PBCWE executive director Julia Abad told “Agenda” on One Newson Oct. 15 that the pandemic offers a bit of an opportunity to even things out between men and women employees.
She said employees were feeling largely productive in a work-from-home setup as women were getting a bit more help on the domestic front while men were able to do more.
Abad explained the women were taking the flexible work arrangements to balance responsibilities at home and at work.
In an interview with The Philippine STAR / OneNews.PH on Monday, Oct. 20, Abad said the “positive change” that respondents saw in the work-from-home arrangement was attributed to how they could swiftly respond to domestic concerns, mostly tending to their children who are into distance learning.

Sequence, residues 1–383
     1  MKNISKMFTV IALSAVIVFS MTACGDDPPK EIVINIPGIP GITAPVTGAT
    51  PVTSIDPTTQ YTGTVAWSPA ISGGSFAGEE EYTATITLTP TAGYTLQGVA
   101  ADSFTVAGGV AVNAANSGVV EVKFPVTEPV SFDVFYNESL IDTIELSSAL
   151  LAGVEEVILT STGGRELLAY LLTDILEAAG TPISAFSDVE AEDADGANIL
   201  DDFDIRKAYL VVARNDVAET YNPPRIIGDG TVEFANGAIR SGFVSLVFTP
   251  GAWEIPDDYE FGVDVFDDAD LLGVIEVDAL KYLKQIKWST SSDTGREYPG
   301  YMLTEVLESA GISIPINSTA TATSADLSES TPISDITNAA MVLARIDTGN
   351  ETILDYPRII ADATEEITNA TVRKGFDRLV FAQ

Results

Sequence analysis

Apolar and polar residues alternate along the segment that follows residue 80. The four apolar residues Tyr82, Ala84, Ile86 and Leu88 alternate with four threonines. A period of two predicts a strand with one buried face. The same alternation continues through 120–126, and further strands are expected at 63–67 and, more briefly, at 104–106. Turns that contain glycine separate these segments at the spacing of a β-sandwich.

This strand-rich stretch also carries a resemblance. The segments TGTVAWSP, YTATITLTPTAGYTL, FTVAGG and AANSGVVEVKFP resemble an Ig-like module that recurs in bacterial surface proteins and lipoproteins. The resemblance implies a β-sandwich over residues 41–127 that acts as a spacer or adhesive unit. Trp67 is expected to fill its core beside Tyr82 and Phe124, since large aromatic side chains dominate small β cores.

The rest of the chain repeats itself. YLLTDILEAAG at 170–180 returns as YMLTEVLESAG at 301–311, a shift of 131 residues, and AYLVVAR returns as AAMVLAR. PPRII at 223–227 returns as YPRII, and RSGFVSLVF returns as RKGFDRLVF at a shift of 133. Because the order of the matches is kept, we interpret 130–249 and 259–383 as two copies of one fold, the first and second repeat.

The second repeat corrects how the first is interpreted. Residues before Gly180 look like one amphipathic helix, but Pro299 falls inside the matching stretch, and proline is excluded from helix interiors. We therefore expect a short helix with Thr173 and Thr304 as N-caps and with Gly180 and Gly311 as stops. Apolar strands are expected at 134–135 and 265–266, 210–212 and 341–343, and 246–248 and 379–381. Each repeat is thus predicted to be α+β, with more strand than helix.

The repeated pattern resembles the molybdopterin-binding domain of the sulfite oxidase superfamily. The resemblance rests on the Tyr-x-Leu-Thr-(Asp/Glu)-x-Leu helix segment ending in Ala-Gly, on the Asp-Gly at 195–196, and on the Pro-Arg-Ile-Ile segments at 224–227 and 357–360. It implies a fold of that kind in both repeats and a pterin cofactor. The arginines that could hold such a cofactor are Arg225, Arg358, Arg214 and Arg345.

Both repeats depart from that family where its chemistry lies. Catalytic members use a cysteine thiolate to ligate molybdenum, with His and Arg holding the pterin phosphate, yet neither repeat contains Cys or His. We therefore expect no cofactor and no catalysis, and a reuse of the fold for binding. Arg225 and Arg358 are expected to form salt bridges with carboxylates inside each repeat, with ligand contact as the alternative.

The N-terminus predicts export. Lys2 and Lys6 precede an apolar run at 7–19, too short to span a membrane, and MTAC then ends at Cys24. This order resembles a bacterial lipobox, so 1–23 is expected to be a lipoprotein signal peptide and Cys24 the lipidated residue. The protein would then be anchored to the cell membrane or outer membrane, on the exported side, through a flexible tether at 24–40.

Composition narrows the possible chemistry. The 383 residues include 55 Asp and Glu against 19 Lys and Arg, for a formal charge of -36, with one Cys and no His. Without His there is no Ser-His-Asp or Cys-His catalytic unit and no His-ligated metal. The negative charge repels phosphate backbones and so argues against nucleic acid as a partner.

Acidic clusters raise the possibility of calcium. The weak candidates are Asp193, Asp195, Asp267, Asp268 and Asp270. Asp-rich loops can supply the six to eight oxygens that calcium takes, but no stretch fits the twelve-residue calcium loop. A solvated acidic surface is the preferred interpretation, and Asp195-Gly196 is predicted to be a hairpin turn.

“Companies are looking at the work-from-home scheme [as it is] partly an innovation that it is good for their employees, but also because they have no choice. Even the traditional offices that really prefer face-to-face, walang choice (there’s no choice). You want your workers to be productive, then you will let them work-from-home,” Abad said.
Asked if she sees the productivity of women employees improving even when the pandemic is over, Abad said it remains to be seen.
“But I think for those families that have seen improved sharing of responsibilities, depending on what the impact has been on their household, hopefully it will still have a positive impact, then maybe the setup will continue until later,” she said.